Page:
At the beginning...

Waynesburg, Bloody Run, and Everett - all names for the same town.
How the name Bloody Run came about is shrouded in history. Sometime before the official start of the town, the little stream that runs through it got the name Bloody Run. Whether it was named that after an ambush turned the run red with English blood, or some cattle were slaughtered on its banks, perhaps noone will ever know. But those are the two possibilities most often presented.
John Patton built a house - still standing - within present day Everett in 1738, possibly the oldest house in Bedford County. In 1787 a man named Michael Barndollar from Frederick, Maryland, and Philadelphia before that, purchased, from John Musser Of Lancaster, 400 acres of land where the creek named Bloody Run empties into the Raystown Branch of the Juniata River. He laid out a town on that land in 1795. Barndollar named the town Waynesburg in honor of the Revolutionary War General "Mad" Anthony Wayne. The name, however, did not stick, and people soon knew the town only as Bloody Run.
Barndollar built first on the west side of the run, but sold that part of the property in 1800 to Samuel Tate of Shippensburg, PA. Most of that would later be bought back by Barndollar's son, Jacob. On his part of the tract Barndollar erected a stone building and ran a tavern and store. Among other early settlers were Robert Culbertson and Billy Paxton, who operated hotels. Hotels and taverns were very popular on this main route between Philadelphia and Pittsburgh. Charles Ashcom settled here about 1806, and was Justice of the Peace as well as running a carpentry shop.
The settlement grew slowly, and in 1860 some citizens petitioned to have the town incorporated as a Borough. The first election, held in 1861 with 58 voters, made Josiah Baughman Chief Burgess and William States Assistant Burgess. Councilmen elected were J. M. Barndollar, William Masters, P. G. Morgart, Samuel D. Schooley, and David Brody. W. P. Barndollar and Jacob Barndollar served as Clerk and Treasurer of the Council.
In 1873, with the citizens wanting a more respectable name for their town, it was officially renamed Everett. This name honored Edward Everett, a former governor of Massachusetts, minister to Great Britain, and most famously a great orator. It was he who gave the main speech at the dedication of the Gettysburg cemetery when President Lincoln gave his "Gettysburg Address."

In 1880 the Everett Fire Company was established by Borough oridnance. D. S. Elliot was appointed chief engineer, and D. B. Ott and John A. Gump were his assistants. Other charter members were S. A. Gump, Theodore A. Klahre, William Emme, Michael Ott, Fred Felten, E. N. Hofmier, Frank Herman, John C. Chamberlain, Thomas M. DuBois, Peter Barndollar, B. M. Barndollar, John H. Giles, and Phil M. Bussard.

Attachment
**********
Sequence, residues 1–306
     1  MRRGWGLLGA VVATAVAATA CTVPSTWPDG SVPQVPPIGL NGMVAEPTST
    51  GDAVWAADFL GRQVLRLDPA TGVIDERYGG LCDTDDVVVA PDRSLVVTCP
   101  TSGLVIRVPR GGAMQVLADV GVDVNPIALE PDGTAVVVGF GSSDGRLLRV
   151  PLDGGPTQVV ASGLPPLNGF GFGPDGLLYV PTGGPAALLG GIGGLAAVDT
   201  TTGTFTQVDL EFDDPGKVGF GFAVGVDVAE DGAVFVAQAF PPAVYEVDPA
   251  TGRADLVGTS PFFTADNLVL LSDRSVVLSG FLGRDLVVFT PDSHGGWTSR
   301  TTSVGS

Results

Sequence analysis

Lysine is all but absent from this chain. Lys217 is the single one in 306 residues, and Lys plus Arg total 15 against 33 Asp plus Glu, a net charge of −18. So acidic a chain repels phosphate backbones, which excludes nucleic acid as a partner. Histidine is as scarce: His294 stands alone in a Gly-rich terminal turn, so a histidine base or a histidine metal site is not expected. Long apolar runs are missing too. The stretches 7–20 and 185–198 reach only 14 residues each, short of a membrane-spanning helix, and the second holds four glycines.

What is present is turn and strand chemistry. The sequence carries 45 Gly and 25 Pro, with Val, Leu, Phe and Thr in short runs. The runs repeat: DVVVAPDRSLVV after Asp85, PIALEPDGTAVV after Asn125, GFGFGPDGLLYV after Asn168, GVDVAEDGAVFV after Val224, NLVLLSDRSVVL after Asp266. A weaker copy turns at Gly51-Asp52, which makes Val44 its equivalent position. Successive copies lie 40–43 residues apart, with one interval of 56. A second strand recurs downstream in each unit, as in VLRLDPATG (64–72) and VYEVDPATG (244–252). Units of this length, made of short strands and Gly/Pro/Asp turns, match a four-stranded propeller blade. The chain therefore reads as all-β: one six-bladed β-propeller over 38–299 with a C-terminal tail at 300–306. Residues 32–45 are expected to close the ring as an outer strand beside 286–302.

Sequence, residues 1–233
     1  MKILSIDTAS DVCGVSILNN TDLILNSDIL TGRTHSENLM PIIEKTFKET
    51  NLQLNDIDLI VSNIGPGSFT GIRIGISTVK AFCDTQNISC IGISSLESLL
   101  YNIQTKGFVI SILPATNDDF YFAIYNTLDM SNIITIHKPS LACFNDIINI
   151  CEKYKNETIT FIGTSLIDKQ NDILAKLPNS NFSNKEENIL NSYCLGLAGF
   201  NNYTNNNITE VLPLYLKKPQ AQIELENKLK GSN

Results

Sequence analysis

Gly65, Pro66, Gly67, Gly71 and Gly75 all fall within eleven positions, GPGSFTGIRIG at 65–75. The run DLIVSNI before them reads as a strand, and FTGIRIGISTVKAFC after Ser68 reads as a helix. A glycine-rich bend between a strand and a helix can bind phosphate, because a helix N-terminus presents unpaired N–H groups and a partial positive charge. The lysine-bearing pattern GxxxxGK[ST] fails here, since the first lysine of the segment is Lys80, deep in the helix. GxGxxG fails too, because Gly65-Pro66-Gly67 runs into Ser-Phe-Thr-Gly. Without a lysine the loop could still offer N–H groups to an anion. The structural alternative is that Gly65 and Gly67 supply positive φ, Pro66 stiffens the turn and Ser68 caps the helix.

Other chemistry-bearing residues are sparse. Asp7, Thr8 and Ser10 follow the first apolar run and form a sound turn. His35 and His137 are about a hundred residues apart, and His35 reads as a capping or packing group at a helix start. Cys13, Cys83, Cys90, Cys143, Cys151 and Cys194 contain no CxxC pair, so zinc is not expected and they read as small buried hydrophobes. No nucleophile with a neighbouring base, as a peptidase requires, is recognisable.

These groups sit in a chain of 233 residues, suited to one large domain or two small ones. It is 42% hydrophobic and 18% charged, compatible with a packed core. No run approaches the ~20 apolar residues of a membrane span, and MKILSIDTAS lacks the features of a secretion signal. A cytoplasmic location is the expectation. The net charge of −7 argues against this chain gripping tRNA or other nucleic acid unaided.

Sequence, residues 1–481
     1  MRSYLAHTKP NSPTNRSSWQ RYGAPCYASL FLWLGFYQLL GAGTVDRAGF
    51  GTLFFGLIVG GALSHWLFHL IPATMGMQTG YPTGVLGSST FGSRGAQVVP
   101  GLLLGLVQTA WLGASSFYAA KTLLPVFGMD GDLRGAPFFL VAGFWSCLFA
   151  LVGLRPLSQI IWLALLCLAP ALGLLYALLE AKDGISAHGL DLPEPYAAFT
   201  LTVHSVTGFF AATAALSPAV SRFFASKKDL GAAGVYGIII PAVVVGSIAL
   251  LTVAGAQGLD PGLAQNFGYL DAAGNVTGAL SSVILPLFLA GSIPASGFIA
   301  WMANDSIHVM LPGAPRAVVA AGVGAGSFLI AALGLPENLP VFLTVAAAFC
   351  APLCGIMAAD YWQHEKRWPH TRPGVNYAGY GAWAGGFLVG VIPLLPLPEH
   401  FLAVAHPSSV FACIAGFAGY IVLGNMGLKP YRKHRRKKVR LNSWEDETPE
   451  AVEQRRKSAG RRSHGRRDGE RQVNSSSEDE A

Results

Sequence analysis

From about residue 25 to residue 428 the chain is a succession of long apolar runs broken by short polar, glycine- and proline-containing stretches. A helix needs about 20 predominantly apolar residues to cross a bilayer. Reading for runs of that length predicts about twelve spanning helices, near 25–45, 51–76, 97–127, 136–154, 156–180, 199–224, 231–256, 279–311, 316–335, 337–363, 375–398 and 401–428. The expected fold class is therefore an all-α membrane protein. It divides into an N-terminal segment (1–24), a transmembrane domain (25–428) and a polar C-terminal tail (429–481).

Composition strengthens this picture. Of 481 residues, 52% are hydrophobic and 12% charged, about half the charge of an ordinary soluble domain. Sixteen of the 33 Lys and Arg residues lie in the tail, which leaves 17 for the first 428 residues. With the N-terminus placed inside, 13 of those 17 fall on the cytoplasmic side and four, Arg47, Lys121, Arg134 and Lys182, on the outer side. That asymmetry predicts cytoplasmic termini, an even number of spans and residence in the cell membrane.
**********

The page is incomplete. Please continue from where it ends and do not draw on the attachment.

The first school teacher was John Paden, in 1814. The first actual school building was built in 1837 and was used for about 20 years. Another school was built in 1866 on North Spring Street. A high school, the first high school, was built behind this school in 1885. In 1900, the 1866 building was replaced by a new one, and these buildings, with additions, served as the schools until a new high school was built in 1955. Both old buildings were used as elementary schools until a new one was built in 1979. The first two high school graduates were Mary Pettigrew and S. Howard Gump in 1889. The two were married in 1892.

In the early 1900's, Everett residents A.W. Karns and his son, W. C. built an automobile. It was made by hand, part by part, as there were no factories for them. They petitioned the Federal Government for a loan to set up a plant for their manufacture, and at about the same time a man from Detroit, Michigan named Henry Ford did the same. Ford won the approval for the loan.

The 1936 flood on St. Patrick's Day was the biggest natural disaster to hit Everett. The whole county sustained damage, but Everett was hit the hardest with an estimated $500,000 in damage. The old wooden bridge on the west end of town was destroyed by the rising water, and the remnants of that bridge washed up against a newer iron bridge toward the east part of town, where it formed a dam. Water then rose quickly and dramatically in downtown Everett, about one story high throughout the downtown area. The only reported death in the county was 90 year old Rev. A. Johnson, who died of a heart attack in his downtown Everett home.


Everett (in 1900)- The second town in population and first in manufacturing and business advantages, is situated on the Raystown branch of the Juniata River, eight miles east of the county seat. The Huntingdon and Broad Top Railroad passes through the borough and affords the only railroad accommodations at present. The industries here are more
extensive than anywhere else in the county. The larger being the iron furnace, glass works, steam tannery, foundry, planing mills, machine shops, steam flouring mill and two newspaper establishments, three barber shops, three butcher shops and one photo gallery. There are also three large hotels, eight churches, one bank, two school buildings, two lawyers, three dentists and four physicians. There are about four hundred and fifty residences.


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